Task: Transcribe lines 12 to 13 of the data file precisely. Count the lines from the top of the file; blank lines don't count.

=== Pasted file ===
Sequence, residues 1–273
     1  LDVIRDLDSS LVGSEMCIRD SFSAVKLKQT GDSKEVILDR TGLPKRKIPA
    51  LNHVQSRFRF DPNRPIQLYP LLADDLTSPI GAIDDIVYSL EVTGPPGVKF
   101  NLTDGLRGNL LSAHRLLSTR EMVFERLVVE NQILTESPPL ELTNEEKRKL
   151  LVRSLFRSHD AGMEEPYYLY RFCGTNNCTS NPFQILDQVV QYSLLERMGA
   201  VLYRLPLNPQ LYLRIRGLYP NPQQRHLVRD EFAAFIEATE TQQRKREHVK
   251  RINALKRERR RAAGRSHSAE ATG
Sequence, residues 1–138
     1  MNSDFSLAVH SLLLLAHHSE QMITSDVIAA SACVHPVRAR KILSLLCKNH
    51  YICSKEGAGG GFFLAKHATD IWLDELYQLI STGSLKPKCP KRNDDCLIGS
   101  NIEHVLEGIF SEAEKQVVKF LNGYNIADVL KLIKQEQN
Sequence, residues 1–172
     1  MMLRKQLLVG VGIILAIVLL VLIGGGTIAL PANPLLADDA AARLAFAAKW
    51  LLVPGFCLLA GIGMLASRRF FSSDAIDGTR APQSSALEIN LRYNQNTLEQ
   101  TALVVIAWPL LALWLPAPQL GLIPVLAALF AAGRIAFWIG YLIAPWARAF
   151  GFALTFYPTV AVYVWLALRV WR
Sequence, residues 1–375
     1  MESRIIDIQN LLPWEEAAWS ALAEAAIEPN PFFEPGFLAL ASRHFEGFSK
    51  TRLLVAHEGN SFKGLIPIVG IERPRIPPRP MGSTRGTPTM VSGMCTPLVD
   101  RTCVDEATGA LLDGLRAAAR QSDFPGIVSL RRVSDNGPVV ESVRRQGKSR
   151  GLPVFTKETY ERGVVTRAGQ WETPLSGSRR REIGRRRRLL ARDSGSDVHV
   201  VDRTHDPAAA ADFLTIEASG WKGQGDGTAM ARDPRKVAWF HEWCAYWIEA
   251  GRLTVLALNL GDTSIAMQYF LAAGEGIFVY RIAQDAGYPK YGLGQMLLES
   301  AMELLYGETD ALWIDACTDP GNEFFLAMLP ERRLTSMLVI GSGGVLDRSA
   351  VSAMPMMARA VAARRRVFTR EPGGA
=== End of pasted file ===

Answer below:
Sequence, residues 1–172
     1  MMLRKQLLVG VGIILAIVLL VLIGGGTIAL PANPLLADDA AARLAFAAKW